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Raise The Bar - How To Pour The Perfect Pint
In the world of pubs and breweries, there's a revered skill that goes beyond the clinking of glasses and the hum of lively conversations—the art of pouring the perfect pint. Achieving that flawless pour is both an art form and a science, requiring a delicate balance of technique, precision, and a deep appreciation for the craftsmanship behind every brew.
Okay, perhaps that’s a little too far. But is there more to pouring a pint than tilting a glass 45 degrees? In this blog post, we’ll look at the essential elements to pour the perfect pint, breaking down the key factors alongside some drink-specific advice. And, who knows, you might be surprised about some of the advice we give …
The Basics ...
Line cleaning is essential to getting a good quality pint of beer. If you don’t clean your line regularly, then a build-up of yeast, bacteria and biofilms will ruin the taste of your product and spoil the aroma too. Therefore it's essential to ensure that your lines are clean. You should clean them at least once every two weeks, but once per week is best.
Choosing the correct glassware is also essential, as it will influence the perception of the product people drink. It’s common knowledge that people ‘drink with their eyes’, so using appealing glassware will help your pints look and taste better. Above is a short inforgraphic of the different glassware available to you.
Renovating Your Glassware
If your pints seem flat, then you should take the time to renovate your glassware. To do this, you should use a Renovate (a type of detergent) for the glassware in the wash. If you want to stay on top of this before it becomes a problem, then be sure to renovate your glassware every couple of months.
Ensure Your Glassware Is Dry.
When a beer hits a wet glass it inhibits the release of gas, again making your pints flat and leading to customer complaints and wastage. Therefore, you should always ensure glassware coming out of a washing machine is dry and cool. This can be problematic for a busy bar, so you can look at solutions such as air dry racks, which will help your glassware dry quicker than just leaving them.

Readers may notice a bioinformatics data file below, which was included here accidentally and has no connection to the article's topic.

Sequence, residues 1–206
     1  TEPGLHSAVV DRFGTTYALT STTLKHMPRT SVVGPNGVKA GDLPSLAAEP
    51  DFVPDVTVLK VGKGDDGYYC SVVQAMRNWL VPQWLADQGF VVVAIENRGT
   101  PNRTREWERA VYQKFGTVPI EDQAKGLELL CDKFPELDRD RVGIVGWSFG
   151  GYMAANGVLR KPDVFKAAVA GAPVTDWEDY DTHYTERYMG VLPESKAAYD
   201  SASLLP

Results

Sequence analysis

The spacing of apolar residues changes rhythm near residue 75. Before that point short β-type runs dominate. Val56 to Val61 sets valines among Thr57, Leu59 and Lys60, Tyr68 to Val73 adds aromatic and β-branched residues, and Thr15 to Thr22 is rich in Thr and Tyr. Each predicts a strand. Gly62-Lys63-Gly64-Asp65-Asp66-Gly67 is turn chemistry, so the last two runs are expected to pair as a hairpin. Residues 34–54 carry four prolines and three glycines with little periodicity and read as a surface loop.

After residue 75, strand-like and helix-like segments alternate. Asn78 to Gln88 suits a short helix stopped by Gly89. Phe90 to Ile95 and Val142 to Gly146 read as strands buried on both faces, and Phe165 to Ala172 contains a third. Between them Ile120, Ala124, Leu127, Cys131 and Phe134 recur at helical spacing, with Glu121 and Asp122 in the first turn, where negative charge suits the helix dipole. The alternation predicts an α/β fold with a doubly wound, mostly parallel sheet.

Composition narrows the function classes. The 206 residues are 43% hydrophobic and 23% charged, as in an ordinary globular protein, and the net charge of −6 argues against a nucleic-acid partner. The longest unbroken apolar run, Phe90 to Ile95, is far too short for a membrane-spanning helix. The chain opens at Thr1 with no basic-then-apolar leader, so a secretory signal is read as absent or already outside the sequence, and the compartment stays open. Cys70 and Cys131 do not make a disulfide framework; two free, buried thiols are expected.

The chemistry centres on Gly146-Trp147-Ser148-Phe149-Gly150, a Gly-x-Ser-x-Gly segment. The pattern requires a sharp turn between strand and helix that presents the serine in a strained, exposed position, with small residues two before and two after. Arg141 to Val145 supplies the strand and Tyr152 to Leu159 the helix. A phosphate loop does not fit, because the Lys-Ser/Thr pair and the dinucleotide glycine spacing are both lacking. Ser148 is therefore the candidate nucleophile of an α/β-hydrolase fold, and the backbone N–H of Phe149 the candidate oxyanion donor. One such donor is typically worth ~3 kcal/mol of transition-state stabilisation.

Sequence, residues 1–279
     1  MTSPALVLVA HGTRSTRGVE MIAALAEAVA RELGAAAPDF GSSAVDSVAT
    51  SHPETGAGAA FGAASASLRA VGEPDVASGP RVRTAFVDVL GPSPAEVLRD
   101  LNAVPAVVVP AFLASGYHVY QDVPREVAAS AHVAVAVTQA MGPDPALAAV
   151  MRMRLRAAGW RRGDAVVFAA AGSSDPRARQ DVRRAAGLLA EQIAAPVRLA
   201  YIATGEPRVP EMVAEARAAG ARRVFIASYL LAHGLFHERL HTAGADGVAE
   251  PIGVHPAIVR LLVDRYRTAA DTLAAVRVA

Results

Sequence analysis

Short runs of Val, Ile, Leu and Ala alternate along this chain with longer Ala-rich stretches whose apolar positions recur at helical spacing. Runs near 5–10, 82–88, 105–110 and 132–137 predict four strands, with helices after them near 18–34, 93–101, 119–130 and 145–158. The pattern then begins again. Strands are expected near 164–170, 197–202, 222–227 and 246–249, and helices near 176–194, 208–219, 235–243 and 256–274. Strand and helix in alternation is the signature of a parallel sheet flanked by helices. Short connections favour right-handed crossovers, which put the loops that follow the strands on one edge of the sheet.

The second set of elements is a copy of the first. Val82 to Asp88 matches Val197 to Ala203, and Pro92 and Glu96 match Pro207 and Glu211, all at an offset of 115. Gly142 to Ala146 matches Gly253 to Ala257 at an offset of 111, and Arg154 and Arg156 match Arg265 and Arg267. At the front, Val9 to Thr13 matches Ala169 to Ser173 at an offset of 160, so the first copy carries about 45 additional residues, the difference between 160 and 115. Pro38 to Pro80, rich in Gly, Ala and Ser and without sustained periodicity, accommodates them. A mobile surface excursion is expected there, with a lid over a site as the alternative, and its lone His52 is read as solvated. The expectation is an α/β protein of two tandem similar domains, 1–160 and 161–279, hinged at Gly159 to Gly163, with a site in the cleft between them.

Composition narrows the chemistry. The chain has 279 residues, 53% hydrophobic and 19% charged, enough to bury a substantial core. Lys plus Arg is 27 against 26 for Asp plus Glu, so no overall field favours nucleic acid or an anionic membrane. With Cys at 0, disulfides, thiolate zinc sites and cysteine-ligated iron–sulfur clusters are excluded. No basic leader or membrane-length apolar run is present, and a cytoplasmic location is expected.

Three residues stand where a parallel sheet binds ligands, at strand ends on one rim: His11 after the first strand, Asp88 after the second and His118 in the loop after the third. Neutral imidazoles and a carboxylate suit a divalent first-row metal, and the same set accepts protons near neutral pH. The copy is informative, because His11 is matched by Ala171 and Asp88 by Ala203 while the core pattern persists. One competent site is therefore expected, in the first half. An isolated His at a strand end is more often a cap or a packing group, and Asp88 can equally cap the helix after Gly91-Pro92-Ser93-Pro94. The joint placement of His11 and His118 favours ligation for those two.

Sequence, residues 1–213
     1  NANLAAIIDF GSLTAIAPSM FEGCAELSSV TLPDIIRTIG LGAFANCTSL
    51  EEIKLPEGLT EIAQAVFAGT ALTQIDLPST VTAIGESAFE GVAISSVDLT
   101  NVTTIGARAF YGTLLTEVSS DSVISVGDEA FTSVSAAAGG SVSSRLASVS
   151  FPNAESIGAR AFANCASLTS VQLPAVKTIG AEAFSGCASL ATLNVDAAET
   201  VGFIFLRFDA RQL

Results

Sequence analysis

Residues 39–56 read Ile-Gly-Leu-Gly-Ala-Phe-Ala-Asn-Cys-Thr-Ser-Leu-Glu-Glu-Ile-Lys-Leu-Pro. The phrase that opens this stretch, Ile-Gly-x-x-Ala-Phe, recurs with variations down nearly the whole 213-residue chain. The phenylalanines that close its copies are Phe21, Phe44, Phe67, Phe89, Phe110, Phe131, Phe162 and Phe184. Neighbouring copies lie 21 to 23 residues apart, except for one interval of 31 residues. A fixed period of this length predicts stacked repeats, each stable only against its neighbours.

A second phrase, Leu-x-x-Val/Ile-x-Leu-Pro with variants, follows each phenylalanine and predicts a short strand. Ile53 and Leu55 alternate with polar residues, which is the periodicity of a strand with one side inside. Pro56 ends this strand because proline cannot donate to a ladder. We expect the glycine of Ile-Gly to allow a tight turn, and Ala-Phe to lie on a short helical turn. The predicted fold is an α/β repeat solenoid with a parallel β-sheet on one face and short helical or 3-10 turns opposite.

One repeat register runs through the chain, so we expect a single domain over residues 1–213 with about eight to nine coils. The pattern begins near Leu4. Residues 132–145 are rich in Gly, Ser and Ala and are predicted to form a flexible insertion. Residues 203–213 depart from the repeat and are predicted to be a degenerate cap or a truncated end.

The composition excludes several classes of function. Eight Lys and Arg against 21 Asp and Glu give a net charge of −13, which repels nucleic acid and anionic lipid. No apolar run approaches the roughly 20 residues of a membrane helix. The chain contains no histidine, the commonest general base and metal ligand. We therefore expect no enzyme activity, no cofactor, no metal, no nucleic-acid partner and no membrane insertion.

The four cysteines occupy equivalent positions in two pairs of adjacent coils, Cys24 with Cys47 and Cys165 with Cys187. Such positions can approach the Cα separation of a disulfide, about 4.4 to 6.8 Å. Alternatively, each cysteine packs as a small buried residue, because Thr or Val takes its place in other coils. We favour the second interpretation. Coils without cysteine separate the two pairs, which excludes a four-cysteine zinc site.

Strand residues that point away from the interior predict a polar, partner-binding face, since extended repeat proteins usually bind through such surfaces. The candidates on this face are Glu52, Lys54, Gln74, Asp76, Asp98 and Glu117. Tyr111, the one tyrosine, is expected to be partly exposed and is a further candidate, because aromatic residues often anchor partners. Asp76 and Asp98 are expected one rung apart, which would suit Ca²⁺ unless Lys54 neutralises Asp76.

The quality of your cellar feeds directly back into the quality of your pints. In particular, this comes down to cellar hygiene, keeping your cellar at the correct temperature and ensuring that there has been sufficient time for the racking and stillage of ales to ensure the perfect pints. This is where you can rely on 7 Day Cellars' same-day delivery service to ensure you can get your casks on stillage as soon as you want them.
That is the general advice for keeping some high quality points, but be sure to check out below for some more specific guidance on the technique behind pouring pints ...
Drink Specific Advice
Lagers / Ciders
Draft beers come kegged with high levels of CO2, giving them large bubbles and a thin head, alongside a different pouring process compared to cask products like ales.
When pouring a lager you need to hold your glass at a 45-degree angle until the glass is around half full. Be sure to quickly pull the tap all the way down when pouring your pint, else you'll get too much head in the beer. From here, tilt the glass vertically until it's upright, which will help to give the beer some head. The process is the same for pouring a bottled beer, except you need to let the beer settle between pours to avoid a larger head. If a head is not forming, then you can gently lift the glass up and down while vertical to encourage the head formation.
You should also ensure that you stop pouring roughly ¾ an inch before the beer reaches the top, which gives comfortable space for a head that should settle down.
If you don’t pour the perfect pint, here’s exactly what you can do to save it:
If you have too much head on your pint, then dip the faucet below the pint's head and into the beer, pulling the tap handle down as fast as possible. From here, the pint will overflow and, as it fills, the head on the pint should reduce until it’s the perfect size.
It’s always better to have too big of a head than too little. If you don’t have a head for your pint, you can pull the tap handle short and fast dropping beer from a height to create a head from the beer. If this still doesn’t work you might need to pour out some of the pint and restart to build more of a head.
Cider pints, in general, should follow the same process, however, their heads are typically much thinner than beers (around half of that).
Guinness Or Nitro Beers And Ales
Nitro beers, stouts and ales all use a 70/30 gas, which is 70% nitrogen and 30% CO2, giving a creamier pint. This means they have a different pint pouring process to your regular lagers and ciders.
When pouring these beers, you should place the glass directly below the tap, so it’s completely vertical and fill the pint 2/3rds of the way there. From here, you should then stop for a few seconds and leave the beer to settle. At this point, the beer will cascade, where the bubbles move from the top of the beer to the bottom. Then, continue filling the beer right to the top and stop pouring before the beer reaches the top to leave room for a good head. An ale head should still be there, but it should be slightly thinner than the head you would leave for a lager pint.
This concludes our comprehensive guide on how to pour excellent pints. It's important to consider the specific techniques for pouring certain beers alongside general best practises that will impact all of your pints.
This concludes our comprehensive guide on how to pour excellent pints. It’s important to consider the specific techniques for pouring certain beers alongside general best practises that will impact all of your pints.